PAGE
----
Caroline also considered Brantwood (Ruskin’s Lake District home) as a site of ecological thinking and as the location for many of Ruskin’s more profound environmental judgements.  She showed how Brantwood provided Ruskin with a home in which to ‘nest’ and ‘rest’ as well as a ‘pasture’ in which to lie down and ‘become earth’.

Dr Rachel Dickinson (Manchester Metropolitan University) extended this line of thought in her paper, which proffered the significant observation that Ruskin was at the cutting edge of developing the concept of ‘pollution’. Rachel drew particular attention to how Ruskin’s reflections on pollution convey some of his deepest moral and environmental concerns.

From here, Professor Stephen Kite (Cardiff University) led us on a fascinating journey through some of the afterlives of Ruskin’s ecological thinking about surface. Combining considerations of the works of Dante Gabriel Rossetti and William Morris, Professor Kite reminded us that the aesthetic – and indeed the architectural – are integral to Ruskin’s legacy.

John Ruskin, Trees and Rocks, c. 1845. Pencil, ink, ink wash and body colour on paper, 33.5 x 27.5 cm. The Ruskin, Lancaster University, 1996P1566.

Midway through the workshop, all attendees were invited to participate in a group discussion of Ruskin’s ‘The Law of Help’ (from Modern Painters).  This text is a crucial point of reference for any discussion of Ruskin’s ideas about the interconnectedness of the environment, aesthetics and politics, and our discussion raised challenging questions that cut to the quick of Ruskin’s concerns. Throughout our discussion, the Ruskinian ecological adage that in all things cooperation is life rang true, and there was plenty of progress made, new light shed and fresh perspectives shared.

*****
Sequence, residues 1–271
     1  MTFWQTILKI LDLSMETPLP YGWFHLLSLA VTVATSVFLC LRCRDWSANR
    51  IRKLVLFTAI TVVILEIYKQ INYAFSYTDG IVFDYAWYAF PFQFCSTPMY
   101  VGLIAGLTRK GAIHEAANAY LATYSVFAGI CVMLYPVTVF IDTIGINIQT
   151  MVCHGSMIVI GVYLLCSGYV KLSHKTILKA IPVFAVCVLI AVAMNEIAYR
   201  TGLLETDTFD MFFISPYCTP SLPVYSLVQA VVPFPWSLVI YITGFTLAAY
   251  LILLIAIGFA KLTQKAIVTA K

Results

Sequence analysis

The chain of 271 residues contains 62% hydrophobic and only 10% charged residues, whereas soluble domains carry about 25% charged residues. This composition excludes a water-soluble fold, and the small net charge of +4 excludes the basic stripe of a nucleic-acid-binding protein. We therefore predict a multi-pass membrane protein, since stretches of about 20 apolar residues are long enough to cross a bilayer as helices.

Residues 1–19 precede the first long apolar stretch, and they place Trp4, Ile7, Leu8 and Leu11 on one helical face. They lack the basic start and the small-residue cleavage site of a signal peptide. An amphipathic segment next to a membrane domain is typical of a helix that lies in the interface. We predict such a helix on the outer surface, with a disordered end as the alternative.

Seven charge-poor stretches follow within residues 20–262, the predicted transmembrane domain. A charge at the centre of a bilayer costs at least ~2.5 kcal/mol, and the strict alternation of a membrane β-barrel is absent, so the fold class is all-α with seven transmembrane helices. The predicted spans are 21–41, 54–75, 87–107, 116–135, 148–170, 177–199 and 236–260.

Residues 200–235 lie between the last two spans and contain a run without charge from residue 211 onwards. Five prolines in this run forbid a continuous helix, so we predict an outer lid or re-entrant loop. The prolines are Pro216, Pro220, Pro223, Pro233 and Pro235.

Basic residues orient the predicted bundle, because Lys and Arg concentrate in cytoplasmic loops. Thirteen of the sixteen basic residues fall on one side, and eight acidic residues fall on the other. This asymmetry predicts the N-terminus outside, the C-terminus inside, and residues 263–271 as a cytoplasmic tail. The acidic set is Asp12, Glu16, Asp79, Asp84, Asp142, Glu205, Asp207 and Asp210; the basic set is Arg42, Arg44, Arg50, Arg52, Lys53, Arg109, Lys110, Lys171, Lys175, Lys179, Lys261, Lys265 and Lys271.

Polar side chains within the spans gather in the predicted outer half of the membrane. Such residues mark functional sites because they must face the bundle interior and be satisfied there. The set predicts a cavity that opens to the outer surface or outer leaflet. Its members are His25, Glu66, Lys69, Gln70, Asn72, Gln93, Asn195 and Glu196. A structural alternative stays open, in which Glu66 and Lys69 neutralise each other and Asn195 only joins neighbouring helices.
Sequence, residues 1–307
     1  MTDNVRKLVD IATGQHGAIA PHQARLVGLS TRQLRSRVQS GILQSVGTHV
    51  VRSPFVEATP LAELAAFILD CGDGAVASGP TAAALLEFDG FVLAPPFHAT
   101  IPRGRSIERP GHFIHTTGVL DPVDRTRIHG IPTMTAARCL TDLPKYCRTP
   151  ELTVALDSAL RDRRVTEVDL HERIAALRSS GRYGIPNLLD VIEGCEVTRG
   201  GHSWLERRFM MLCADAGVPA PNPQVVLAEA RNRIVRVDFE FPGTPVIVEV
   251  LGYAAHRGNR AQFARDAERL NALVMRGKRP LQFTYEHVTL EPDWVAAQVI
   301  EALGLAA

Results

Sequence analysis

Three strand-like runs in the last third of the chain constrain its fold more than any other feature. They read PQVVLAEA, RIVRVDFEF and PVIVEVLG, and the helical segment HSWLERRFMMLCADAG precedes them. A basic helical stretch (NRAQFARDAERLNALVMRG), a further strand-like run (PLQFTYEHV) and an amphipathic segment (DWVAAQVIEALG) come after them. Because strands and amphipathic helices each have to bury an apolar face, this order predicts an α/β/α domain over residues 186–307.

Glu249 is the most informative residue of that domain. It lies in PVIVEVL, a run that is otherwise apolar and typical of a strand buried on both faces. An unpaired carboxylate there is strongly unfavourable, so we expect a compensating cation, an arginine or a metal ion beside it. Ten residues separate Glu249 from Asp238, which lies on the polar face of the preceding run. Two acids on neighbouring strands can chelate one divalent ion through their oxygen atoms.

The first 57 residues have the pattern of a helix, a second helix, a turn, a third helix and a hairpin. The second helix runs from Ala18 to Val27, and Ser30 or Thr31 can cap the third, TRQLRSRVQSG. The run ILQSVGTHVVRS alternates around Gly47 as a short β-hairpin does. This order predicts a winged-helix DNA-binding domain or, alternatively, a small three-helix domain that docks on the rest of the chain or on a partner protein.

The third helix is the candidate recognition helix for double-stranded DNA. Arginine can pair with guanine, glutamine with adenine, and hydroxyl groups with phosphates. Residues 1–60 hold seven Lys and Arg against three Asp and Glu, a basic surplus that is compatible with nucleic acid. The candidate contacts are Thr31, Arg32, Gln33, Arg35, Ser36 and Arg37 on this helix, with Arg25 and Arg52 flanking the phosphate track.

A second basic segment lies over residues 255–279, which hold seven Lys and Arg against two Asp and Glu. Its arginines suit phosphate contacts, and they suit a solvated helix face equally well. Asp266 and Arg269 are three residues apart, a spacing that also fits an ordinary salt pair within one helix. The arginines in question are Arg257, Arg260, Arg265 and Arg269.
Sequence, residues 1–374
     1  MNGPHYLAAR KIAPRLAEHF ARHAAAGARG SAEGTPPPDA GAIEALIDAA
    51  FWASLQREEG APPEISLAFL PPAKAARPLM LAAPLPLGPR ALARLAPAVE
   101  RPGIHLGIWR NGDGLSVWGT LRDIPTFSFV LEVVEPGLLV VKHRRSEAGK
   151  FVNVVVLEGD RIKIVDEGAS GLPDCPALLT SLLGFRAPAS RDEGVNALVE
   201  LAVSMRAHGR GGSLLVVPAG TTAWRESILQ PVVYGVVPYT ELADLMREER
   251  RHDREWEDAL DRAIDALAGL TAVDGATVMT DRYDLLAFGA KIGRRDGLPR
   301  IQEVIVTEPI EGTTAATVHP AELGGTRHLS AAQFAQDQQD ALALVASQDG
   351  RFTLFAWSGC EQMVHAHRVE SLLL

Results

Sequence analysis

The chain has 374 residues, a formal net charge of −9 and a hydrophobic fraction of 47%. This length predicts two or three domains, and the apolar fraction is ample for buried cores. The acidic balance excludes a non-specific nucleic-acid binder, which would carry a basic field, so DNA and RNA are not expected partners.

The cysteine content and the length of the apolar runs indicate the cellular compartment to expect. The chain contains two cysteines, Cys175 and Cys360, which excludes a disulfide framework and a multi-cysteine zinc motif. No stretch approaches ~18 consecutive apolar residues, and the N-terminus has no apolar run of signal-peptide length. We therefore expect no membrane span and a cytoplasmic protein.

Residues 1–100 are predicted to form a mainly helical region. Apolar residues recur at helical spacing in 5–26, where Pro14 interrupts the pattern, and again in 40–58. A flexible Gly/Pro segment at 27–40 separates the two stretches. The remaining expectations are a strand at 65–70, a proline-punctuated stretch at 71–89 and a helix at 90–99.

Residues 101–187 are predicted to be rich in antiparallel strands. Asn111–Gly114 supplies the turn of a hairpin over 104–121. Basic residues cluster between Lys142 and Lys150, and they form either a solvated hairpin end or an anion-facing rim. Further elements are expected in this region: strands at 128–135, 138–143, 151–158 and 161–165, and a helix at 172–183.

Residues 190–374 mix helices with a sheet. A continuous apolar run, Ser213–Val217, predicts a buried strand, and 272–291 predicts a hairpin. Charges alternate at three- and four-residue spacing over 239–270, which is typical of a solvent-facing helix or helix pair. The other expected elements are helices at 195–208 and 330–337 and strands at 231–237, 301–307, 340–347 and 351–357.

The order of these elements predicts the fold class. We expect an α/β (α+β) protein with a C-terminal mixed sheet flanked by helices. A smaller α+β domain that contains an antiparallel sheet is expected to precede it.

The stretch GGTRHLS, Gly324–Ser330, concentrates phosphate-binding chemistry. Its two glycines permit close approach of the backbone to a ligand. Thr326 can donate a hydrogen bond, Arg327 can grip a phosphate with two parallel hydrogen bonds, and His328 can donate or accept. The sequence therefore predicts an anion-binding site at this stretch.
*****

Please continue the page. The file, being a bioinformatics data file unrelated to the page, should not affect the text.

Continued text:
Taking the time-honoured Ruskin Seminar slot, Dr Jeremy Melius (Tufts University) concluded our workshop with a keynote, ‘Ruskin and the Art of Relations’, which focused on Ruskin’s reading of Veronese’s Adoration of the Virgin by the Coccina Family (c. 1571).

Jeremy offered an eloquent exploration of Ruskin’s practice of decoding political, aesthetic and indeed ecological meanings from pictorial composition. More than just providing insights into this crucial dimension of Ruskin’s methods, Jeremy also helped us to appreciate the warmth of heart and cast of mind that informed so much of Ruskin’s finest criticism.

A particular highlight of the evening was Jeremy’s exposition of Ruskin’s reading of the dog portrayed in Veronese’s painting. Jeremy’s commentary on this seemingly minor detail provoked laughter all the more for its profundity.

The series concluded with our third seminar at which Kelly delivered a paper entitled ‘The Mountain’s Anatomy: Articulating Skeletons in Ruskin’s Ecological Imagination’.  This paper took us to the heart of Ruskin’s ideas about the interconnectedness of nature, architecture and the human body by exploring the use of bone and skeleton metaphors in his works.